Anytime Valentine’s Day beckons, one of Nigeria’s oldest female citizens, 90-year-old Chief (Mrs.) Funke Arthur-Worrey, is bound to be caught up, looking straight ahead in deep contemplation. Aunty Funke, as she is fondly called by her family members and friends in Isale-Eko, Lagos, is naturally chirpy; but she has always been filled with nostalgic thoughts once it is February 14, or a day after it…
She says this has been the case in the last 10 years, since she lost her husband and soul-mate, Chief Steady Stephen Arthur-Worrey, at 82. Arthur-Worrey, the England-trained lawyer, who drafted the Army Act, Navy Act and Air Force Act for Nigeria, died on February 15, 2008, a day after lovers’ cherished day -Valentine.
Beaming with smiles, Aunty Funke said, “Oh, he was a loving man, a great husband with a large heart and love for everyone around him. Once it is a day to Valentine, he would start giving out gifts to people. He would hug all the girls in his office and crack jokes. Then he would take me out to so many places.
“Apart from Valentine, he would just decide on a weekend and say, ‘Let’s go to Badagry, Cotonou, Kainji Dam, Yankari Games Reserve, anywhere in the country that something interesting was happening
“He was a man of many parts; he was loving, he was a good father and an excellent husband. He was my confidant, friend and God-sent partner.”
The truth is that, a man without a wife is useless; go and find out. At home, men can hardly do anything, they can’t boil ordinary egg. So, I urge the men to take out their wives for Valentine
ON THE ESSENCE OF VALENTINE
This nonagenarian, who will turn 91 in April, this year, said beyond the revelry of putting on the white-red apparel, which is the costume for Valentine’s Day, the day should be cherished for its import on relationship and happiness.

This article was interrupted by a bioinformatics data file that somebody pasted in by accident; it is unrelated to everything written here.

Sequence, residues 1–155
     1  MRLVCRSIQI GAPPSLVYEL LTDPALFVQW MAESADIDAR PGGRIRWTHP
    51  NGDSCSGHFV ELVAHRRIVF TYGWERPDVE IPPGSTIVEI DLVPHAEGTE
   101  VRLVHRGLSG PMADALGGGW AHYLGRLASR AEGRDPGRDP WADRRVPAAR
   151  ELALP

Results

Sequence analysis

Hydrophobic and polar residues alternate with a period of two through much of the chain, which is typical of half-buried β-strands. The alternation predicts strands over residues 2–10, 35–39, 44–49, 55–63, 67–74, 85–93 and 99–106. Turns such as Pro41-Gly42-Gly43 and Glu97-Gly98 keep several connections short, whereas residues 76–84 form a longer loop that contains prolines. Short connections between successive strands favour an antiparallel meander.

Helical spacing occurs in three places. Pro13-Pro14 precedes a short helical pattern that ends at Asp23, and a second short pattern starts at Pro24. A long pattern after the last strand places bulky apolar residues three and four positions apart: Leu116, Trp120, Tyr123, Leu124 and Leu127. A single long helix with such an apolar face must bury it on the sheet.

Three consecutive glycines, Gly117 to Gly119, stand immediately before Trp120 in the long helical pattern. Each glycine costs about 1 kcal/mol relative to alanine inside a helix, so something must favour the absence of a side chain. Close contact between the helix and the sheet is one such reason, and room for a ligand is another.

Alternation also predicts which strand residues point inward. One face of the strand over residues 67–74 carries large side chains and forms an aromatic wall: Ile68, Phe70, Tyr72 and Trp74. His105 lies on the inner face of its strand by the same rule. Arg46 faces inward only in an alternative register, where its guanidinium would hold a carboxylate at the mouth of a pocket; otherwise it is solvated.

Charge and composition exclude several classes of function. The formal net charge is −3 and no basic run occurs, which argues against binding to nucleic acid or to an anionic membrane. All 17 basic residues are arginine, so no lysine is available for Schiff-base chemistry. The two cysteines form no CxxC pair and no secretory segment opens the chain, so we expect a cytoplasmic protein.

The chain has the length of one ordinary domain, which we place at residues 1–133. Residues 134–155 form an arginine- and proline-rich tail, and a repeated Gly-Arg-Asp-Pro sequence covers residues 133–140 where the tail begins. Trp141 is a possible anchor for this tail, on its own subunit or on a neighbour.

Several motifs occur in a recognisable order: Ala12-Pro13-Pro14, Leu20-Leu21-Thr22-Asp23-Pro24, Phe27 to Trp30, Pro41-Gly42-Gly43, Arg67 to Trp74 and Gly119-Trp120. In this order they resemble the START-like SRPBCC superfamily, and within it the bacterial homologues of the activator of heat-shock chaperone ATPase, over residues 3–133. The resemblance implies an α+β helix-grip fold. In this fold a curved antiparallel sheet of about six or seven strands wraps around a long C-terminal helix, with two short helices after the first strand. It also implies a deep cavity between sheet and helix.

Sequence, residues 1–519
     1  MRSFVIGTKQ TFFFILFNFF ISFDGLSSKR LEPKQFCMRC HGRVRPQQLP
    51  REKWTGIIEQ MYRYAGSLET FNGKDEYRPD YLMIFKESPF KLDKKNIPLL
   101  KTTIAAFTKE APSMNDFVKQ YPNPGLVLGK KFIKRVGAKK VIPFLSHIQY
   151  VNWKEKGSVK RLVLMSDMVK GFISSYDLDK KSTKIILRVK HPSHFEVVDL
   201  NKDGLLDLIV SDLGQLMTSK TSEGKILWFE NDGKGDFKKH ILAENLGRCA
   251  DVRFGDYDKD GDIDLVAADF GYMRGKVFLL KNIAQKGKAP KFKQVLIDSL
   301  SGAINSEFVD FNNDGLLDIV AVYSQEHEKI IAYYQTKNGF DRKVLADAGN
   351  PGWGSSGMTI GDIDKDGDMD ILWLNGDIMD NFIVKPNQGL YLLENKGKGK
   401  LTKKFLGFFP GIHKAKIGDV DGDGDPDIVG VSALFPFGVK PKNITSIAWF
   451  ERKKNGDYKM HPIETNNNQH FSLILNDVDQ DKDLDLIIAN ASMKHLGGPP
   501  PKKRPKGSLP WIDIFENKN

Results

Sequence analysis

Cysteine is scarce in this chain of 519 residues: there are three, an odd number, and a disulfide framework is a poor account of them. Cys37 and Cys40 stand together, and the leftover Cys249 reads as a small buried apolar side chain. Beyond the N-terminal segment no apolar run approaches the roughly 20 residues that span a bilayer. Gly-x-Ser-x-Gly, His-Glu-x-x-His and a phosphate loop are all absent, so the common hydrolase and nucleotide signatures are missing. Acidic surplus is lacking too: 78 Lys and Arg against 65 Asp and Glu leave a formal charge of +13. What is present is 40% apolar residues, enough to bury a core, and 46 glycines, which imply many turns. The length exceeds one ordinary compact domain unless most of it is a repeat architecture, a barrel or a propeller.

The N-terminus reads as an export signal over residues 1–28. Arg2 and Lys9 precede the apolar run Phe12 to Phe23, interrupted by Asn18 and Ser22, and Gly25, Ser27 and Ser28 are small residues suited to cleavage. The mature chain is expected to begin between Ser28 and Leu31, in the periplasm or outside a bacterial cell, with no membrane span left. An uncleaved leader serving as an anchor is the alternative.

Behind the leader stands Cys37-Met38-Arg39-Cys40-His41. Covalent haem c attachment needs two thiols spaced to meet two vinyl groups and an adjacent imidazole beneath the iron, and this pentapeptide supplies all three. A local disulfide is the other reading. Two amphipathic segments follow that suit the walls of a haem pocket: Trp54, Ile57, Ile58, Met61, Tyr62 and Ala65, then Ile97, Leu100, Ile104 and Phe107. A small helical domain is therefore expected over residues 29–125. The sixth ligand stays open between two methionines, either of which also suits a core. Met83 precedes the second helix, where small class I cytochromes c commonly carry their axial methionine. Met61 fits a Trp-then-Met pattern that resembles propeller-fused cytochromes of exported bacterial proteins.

She admonished, “It is the day of love and the foundation of everything that is beautiful is love. If two people meet together, there is chemistry and that’s why nobody can comprehend the true meaning of love.
“It is also for that reason that a man must cherish his wife and care for her, the same way my late husband cared for me throughout his lifetime. The truth is that, a man without a wife is useless; go and find out. At home, men can hardly do anything, they can’t boil ordinary egg. So, I urge the men to take out their wives for Valentine, rather than use the day doing irrelevant things. There is great blessing in this.”
‘HOW I MET MY LATE HUSBAND’
Madam Arthur-Worrey recalled how she and her husband met, saying it was a chance meeting.
She recounted, “He was in England with his two other brothers and we kept hearing about them in Nigeria. But to my brother, Steady was his favourite of the three brothers in England. While Steady’s two other brothers got married to white girls, he insisted that he would come home and marry a black girl.
“So, we all went to welcome him at the Lagos Port in 1945, when he was coming home. There was no plane then; every international trip was through the sea; you would go by ship. So, when he came to Lagos, we lined up and we were so excited. So, as he walked past, he just stopped short as he got to me and said, ‘Hello’. I was also rooted to a spot; we were so timid then in Nigeria. He asked for my name and I said, ‘Funke’. He then looked straight into my eyes and said, ‘Funke, you are going to be my wife!’ I was as embarrassed as I was worried. I felt uncomfortable with him, as I was very shy. I couldn’t believe such a statement from someone just coming in from England, who had never met me before. But my sister told me not to worry, that it was the way of life of people living in England.